Theatre company Girls Act Good is back with a new project.
Drawing inspiration from Frankenstein, The Stepford Wives and the Country Women’s Association, The Association is set in a secret women’s meeting where newcomer Joanne quickly learns the members are doing more than charitable deeds and swapping recipes, when a horrifying experiment is revealed.
Building on what Girls Act Good have created over the past three years, they will be taking over the unique venue Number 64, for a four-week residency from mid-July for their most challenging and exciting project to date.
Beginning with a two-week season of an immersive theatre experience, they will then re-work the piece, in the same location, to create a low budget, festival-ready feature film.
Scribble Creative’s Nicole McKenzie spoke with director Lee McLenaghan.
NM: This is your first time directing, how is it different from your normal acting role and what have been some highlights in this new position?
LM: As an actor, I know what my personal process is and how to jump in head first, but as a first-time director I was a bit bamboozled as to where to start. So I came back to what I respected from directors I had worked with in the past—I am very conscience of people’s time and wanting to get the best out of them so I went from there.
From the first rehearsal I was addicted! I know I have had an easier way in as we have mostly all worked together before, but finding new levels in people you already know is fascinating! Feeding in little side notes and watching things take a completely different path is so much damn fun!
Can you talk a little bit about Girls Act Good and your involvement?
I was lucky enough to be taken to a Girls Act Good monthly reading by one of the original members, Sarah Plummer, in 2014, and from then I have been involved in all of the productions, mainly as an actor but also as a dance choreographer, assistant director, producer and now director. That’s the terrific thing about what Jennifer Monk has created with Girls Act Good, within the group we all call on each other’s area of expertise to get things done and learn off each other in the process.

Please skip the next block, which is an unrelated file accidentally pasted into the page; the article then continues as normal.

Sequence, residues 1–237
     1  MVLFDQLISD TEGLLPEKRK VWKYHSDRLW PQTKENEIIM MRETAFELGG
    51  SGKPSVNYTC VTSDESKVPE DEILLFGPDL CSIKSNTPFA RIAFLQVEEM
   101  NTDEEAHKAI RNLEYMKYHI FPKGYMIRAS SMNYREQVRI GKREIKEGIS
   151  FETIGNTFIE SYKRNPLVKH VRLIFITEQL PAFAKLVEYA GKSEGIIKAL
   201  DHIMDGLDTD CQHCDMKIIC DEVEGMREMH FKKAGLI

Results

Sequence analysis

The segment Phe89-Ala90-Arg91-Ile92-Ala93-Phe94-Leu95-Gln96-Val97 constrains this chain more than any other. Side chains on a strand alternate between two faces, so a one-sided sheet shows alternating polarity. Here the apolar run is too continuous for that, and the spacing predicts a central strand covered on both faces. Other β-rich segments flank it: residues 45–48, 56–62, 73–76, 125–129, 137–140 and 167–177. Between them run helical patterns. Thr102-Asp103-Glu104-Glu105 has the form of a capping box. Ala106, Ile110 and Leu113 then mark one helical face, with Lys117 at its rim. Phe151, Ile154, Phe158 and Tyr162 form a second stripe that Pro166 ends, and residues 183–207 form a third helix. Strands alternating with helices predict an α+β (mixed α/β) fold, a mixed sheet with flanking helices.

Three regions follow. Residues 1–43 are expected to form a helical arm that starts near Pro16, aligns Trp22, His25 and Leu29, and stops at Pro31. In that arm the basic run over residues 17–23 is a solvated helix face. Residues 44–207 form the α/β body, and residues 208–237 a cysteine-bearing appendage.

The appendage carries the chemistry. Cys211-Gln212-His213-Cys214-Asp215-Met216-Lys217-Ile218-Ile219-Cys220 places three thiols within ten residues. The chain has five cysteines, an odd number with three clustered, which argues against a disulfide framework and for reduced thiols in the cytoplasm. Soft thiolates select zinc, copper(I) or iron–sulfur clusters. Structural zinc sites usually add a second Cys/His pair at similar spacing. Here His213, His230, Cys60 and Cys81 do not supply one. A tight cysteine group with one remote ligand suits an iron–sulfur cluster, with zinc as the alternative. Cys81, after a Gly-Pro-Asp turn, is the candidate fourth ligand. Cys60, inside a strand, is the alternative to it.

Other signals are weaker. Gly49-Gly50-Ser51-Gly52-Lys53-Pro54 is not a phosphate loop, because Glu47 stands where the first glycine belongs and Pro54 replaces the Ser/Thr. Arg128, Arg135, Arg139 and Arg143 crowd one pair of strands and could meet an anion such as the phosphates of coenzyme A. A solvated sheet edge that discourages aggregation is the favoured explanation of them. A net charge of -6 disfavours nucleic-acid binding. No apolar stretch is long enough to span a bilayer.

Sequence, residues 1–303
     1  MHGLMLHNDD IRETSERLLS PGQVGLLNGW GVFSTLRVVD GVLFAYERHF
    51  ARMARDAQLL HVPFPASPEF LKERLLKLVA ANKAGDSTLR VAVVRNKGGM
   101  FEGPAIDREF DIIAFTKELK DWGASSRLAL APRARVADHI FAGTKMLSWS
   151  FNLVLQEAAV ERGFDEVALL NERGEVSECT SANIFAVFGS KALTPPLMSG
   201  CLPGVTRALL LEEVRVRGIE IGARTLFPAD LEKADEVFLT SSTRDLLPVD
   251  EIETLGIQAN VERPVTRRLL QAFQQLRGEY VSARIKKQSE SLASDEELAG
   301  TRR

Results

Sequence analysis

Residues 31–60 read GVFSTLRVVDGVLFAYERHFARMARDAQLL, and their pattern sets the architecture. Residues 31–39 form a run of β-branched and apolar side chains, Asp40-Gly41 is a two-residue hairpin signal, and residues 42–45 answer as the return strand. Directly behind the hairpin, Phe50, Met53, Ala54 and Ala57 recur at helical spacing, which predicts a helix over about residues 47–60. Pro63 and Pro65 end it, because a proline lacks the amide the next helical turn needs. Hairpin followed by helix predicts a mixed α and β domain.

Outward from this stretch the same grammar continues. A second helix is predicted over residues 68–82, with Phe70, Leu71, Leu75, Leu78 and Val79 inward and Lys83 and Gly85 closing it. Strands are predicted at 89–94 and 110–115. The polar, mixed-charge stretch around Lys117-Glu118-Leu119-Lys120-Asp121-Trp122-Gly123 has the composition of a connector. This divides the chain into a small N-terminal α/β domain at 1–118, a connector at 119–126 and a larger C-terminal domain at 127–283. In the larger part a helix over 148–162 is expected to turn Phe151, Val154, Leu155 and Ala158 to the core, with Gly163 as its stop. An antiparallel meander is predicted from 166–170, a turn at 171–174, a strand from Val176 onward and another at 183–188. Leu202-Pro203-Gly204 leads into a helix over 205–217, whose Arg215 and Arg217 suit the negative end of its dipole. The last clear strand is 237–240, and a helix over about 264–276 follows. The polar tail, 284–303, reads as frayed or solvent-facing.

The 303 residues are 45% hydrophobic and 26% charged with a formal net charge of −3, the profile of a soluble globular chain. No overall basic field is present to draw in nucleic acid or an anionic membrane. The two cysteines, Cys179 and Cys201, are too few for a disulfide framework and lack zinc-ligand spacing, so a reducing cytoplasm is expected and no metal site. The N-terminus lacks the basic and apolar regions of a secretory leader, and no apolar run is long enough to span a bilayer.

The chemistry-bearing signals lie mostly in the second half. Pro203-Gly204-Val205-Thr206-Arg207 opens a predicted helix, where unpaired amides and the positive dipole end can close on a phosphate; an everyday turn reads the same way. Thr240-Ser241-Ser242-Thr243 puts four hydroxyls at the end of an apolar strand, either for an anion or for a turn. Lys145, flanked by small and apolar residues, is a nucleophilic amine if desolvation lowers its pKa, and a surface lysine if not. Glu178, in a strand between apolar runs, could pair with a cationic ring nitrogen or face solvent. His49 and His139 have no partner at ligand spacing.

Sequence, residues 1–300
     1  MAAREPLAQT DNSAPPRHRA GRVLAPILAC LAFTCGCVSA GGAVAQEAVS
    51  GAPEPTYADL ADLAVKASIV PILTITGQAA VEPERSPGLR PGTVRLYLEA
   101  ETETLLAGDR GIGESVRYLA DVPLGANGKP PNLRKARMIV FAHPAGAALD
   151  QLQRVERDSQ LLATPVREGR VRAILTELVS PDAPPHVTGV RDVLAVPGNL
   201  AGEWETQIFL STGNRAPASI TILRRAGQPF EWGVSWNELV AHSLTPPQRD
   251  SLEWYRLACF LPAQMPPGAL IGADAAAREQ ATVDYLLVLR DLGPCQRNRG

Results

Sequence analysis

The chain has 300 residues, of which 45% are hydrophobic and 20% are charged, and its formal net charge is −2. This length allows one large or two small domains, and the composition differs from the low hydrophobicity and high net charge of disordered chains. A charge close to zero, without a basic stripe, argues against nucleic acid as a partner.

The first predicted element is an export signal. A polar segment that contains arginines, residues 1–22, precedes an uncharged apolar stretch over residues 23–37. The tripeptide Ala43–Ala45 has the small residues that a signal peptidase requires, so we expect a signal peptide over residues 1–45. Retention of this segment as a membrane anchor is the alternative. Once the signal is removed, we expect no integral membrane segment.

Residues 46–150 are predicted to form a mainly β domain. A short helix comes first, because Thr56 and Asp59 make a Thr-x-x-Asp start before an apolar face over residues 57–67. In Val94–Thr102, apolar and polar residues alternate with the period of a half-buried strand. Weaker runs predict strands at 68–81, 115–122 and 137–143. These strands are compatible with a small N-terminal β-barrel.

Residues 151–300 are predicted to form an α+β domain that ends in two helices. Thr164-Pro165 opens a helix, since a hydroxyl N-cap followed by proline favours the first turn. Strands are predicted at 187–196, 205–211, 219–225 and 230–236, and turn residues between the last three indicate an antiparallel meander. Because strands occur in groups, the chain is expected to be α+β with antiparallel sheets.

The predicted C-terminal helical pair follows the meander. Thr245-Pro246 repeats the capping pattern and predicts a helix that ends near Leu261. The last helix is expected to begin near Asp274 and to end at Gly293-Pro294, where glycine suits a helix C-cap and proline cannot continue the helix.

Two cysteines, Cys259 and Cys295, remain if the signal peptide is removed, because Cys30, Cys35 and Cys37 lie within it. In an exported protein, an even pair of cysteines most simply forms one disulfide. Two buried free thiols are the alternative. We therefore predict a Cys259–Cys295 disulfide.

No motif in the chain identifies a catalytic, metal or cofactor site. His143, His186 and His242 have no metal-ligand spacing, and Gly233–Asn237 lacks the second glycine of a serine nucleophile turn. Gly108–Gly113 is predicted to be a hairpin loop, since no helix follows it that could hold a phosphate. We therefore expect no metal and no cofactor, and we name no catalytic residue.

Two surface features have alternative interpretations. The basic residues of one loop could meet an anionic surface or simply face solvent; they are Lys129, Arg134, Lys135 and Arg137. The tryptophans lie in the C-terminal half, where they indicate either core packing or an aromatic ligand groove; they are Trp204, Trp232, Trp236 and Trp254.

This performance is unique in many ways, one being that after its two week season it is being made into a film. How are you feeling about the theatre to film process? What sparked the idea?
I can take absolutely no credit for the idea of The Association. This is a project that Jennifer Monk and Perri Cummings have been developing for well over a year now. I do know that when it first came to fruition there were discussions as to which it should be: theatre or film. So why not both?
I have pretty much separated it into two separate projects. Some of the cast differ from the theatre performance to the film, bringing their own different flavour to their character, and with much more backstory in the film version I am treating each piece as its own entity to (hopefully!) do them both justice.
The Association is described as an ‘immersive theatre experience’. Can you give audience members any hints as to what they could expect?
Attendees should come in with an open mind and be ready to get involved with these women and their stories. They are selective with who they let into their inner circle so follow their lead and be willing to participate and explore. You might just learn a few things.
What do you do when you are not being creative as an actor, producer and director with Girls Act Good?
When I am not wearing those hats with Girls Act Good, I am wearing them alongside Kerry Drumm and Rowan Howard at Choo Choo Productions, that we set up last year. Outside of that, each year around May you can find me driving across the country in aid of the Cancer Council as part of the Shitbox Rally, and I am also studying fitness and working as an instructor.